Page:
Writing code is like having sex.... make one little mistake, and you're supporting it for life.

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Quote:
Use SIGNAL instead of INTERRUPT

?!? CV AVR...

Hey, BlueLED... just clear the EXT_INT0 interrupt flag prior to exit the ISR.

Real men don't use backups, they post their stuff on a public ftp server and let the rest of the world make copies.

Last Edited: Mon. Jul 4, 2005 - 08:14 PM
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groenhen wrote:
Quote:
Use SIGNAL instead of INTERRUPT

?!?

Sorry, my mistake, I missed the code. I saw it as the GCC INTERRUPT, and not as interrupt[]. in GCC INTERRUPT leaves the interrupt handler interruptible by other interrupt sources, including the same source. Using SIGNAL (in GCC) would solve this.

Writing code is like having sex.... make one little mistake, and you're supporting it for life.

Last Edited: Mon. Jul 4, 2005 - 08:30 PM
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@ glitch
thanks anyway I could say that I was not using GCC.
I'm using CV.

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Hi glitch!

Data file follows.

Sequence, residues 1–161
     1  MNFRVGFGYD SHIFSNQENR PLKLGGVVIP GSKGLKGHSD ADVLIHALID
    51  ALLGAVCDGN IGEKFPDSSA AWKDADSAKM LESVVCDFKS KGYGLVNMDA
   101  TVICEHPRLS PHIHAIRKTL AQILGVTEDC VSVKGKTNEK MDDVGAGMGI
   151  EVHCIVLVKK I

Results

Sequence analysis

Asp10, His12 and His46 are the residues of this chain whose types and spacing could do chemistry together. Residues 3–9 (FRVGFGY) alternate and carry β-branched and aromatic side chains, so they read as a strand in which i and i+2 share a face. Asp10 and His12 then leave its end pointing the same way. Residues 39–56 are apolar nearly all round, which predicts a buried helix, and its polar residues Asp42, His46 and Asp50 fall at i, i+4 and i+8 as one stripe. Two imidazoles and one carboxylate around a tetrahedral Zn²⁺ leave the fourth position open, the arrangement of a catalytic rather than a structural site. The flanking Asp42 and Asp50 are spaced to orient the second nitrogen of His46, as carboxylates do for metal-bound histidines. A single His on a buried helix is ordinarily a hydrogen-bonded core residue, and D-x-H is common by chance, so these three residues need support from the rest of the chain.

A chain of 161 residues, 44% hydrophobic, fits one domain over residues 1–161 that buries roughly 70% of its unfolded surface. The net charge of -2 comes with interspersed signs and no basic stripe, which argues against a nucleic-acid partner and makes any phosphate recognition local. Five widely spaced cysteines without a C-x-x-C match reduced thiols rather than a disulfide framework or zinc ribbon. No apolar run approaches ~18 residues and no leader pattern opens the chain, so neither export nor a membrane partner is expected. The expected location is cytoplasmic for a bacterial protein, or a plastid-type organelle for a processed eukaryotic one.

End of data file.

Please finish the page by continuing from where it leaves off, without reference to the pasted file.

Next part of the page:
So, SIGNAL (in GCC) means that ISR is non-interruptable ?
Or: SIGNAL means that ISR may be interrupted by other interrupt (except the same source) ?
I'm asking 'cause I don't know gcc, but it sounds interesting...

Real men don't use backups, they post their stuff on a public ftp server and let the rest of the world make copies.

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Sorry...
G-zus, it takes 3 - 5 min. to load/reload a page on avrfreaks... :(

Real men don't use backups, they post their stuff on a public ftp server and let the rest of the world make copies.

Last Edited: Mon. Jul 4, 2005 - 08:31 PM
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blueled wrote:
@ glitch
thanks anyway I could say that I was not using GCC.
I'm using CV.

Yeah I see that now. At any rate, clearing the interrupts' bit in EIMSK will disable that interrupt source. But I still maintain that you should re-visit your program design, as you are spending far too much time inside of the interrupt handler. The moment you start putting printf()'s, delays or other output/delay primitives into your service routine, you should realize that you're heading down the wrong path. Continuing to do so, could result in your program becoming sluggish, or even unresponsive altogether.

Writing code is like having sex.... make one little mistake, and you're supporting it for life.

Last Edited: Mon. Jul 4, 2005 - 08:30 PM
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groenhen wrote:
Hi glitch!
So, SIGNAL (in GCC) means that ISR is non-interruptable ?